The primary mission of the army is “to fight and win our Nation’s wars by providing prompt, sustained land dominance across the full range of military operations and spectrum of conflict in support of combatant commanders.” The army is a military service within the Department of the Army, one of the three military departments of the Department of Defense. The army is headed by the Secretary of the Army, and the top military officer in the department is the Chief of Staff of the Army. The highest ranking army officer is currently the Chairman of the Joint Chiefs of Staff. During fiscal year 2011, the Regular Army reported a strength of 546,057 soldiers; the Army National Guard (ARNG) reported 358,078 and the United States Army Reserve (USAR) reported 201,166 putting the combined component strength total at 1,105,301 soldiers.
The Continental Army was created on 14 June 1775 by the Continental Congress as a unified army for the colonies to fight Great Britain, with George Washington appointed as its commander. The army was initially led by men who had served in the British Army or colonial militias and who brought much of British military heritage with them. As the Revolutionary War progressed, French aid, resources, and military thinking influenced the new army. A number of European soldiers came on their own to help, such as Friedrich Wilhelm von Steuben, who taught the army Prussian tactics and organizational skills.
The army fought numerous pitched battles and in the South 1780–81 sometimes used the Fabian strategy and hit-and-run tactics, hitting where the enemy was weakest, to wear down the British forces. Washington led victories against the British at Trenton and Princeton, but lost a series of battles around New York City in 1776 and Philadelphia in 1777. With a decisive victory at Yorktown, and the help of the French, the Continental Army prevailed against the British.
After the war, though, the Continental Army was quickly given land certificates and disbanded in a reflection of the republican distrust of standing armies. State militias became the new nation’s sole ground army, with the exception of a regiment to guard the Western Frontier and one battery of artillery guarding West Point’s arsenal. However, because of continuing conflict with Native Americans, it was soon realized that it was necessary to field a trained standing army. The Regular Army was at first very small, and after General St. Clair’s defeat at the Battle of the Wabash, the Regular Army was reorganized as the Legion of the United States, which was established in 1791 and renamed the “United States Army” in 1796.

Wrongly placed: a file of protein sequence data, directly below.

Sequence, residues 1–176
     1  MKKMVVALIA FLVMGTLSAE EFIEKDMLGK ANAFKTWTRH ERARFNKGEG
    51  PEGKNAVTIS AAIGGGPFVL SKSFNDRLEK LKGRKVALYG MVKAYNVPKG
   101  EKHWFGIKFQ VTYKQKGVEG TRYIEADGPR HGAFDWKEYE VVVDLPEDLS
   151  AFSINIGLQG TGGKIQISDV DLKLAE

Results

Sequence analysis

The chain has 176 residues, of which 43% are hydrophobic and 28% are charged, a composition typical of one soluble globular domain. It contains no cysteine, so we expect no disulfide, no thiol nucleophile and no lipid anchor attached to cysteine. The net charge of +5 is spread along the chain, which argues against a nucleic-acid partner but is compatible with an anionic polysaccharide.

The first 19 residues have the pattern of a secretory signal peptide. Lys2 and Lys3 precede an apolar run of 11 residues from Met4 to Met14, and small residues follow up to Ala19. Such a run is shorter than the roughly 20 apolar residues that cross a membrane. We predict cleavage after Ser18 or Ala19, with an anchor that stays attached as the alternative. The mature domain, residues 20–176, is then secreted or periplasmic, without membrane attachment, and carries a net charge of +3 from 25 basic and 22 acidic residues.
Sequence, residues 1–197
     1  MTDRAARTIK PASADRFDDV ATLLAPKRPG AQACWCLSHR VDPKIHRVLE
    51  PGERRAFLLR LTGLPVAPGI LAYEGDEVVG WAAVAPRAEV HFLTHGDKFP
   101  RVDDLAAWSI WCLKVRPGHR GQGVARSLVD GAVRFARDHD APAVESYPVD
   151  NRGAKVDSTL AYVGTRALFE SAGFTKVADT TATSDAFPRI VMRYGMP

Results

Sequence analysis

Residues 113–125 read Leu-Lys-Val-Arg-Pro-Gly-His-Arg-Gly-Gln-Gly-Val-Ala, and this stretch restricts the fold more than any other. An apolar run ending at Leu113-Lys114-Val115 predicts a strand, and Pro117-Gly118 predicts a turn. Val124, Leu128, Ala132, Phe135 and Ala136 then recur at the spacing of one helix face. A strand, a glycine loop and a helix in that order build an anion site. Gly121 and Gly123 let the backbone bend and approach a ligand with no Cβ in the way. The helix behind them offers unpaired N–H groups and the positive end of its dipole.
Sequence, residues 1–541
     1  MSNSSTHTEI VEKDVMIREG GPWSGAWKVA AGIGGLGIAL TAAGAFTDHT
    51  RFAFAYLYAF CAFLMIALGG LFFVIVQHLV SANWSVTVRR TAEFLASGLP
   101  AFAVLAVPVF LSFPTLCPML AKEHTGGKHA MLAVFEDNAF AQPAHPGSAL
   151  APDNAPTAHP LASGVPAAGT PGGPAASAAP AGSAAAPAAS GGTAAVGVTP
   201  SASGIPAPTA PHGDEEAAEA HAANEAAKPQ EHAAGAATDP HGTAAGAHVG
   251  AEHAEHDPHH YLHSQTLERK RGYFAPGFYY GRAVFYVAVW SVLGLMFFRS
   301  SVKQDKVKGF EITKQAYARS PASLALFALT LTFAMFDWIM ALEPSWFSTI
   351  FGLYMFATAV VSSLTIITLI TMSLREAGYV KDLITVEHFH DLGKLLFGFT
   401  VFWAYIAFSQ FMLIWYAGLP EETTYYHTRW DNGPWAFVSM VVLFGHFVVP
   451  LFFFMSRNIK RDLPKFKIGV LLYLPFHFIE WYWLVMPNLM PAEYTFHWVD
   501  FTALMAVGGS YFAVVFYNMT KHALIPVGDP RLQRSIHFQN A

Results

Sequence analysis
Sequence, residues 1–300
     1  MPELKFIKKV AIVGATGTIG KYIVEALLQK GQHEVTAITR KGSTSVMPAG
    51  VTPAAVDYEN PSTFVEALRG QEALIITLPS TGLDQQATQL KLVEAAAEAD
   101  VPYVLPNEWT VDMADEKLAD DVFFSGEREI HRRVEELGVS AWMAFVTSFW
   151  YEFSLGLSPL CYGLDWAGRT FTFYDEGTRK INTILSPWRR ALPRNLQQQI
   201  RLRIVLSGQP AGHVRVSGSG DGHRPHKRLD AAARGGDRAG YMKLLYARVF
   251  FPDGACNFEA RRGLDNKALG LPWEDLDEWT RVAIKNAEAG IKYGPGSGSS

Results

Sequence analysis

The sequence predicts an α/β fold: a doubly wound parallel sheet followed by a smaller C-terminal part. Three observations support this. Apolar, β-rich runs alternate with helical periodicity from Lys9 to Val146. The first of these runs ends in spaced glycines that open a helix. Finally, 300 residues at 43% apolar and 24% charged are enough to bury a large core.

After the September 11 attacks, and as part of the Global War on Terror, U.S. and NATO forces invaded Afghanistan in 2001, displacing the Taliban government.
The U.S. Army led the combined U.S. and allied Invasion of Afghanistan in 2001, and Iraq in 2003. In the following years the mission changed from conflict between regular militaries to counterinsurgency, resulting in the deaths of more than 4,000 U.S service members (as of March 2008) and injuries to thousands more. 23,813 insurgents were killed in Iraq between 2003–2011. The lack of stability in the theater of operations has led to longer deployments for Regular Army as well as Reserve and Guard troops.
The army’s chief modernization plan was the FCS program. Many systems were canceled and the remaining were swept into the BCT modernization program. In response to Budget sequestration in 2013 the army is planned to shrink to a size not seen since the WWII buildup.
The United States Army is made up of three components: the active component, the Regular Army; and two reserve components, the Army National Guard and the Army Reserve. Both reserve components are primarily composed of part-time soldiers who train once a month, known as battle assemblies or unit training assemblies (UTAs), and conduct two to three weeks of annual training each year. Both the Regular Army and the Army Reserve are organized under Title 10 of the United States Code, while the National Guard is organized under Title 32.
Categories: US Army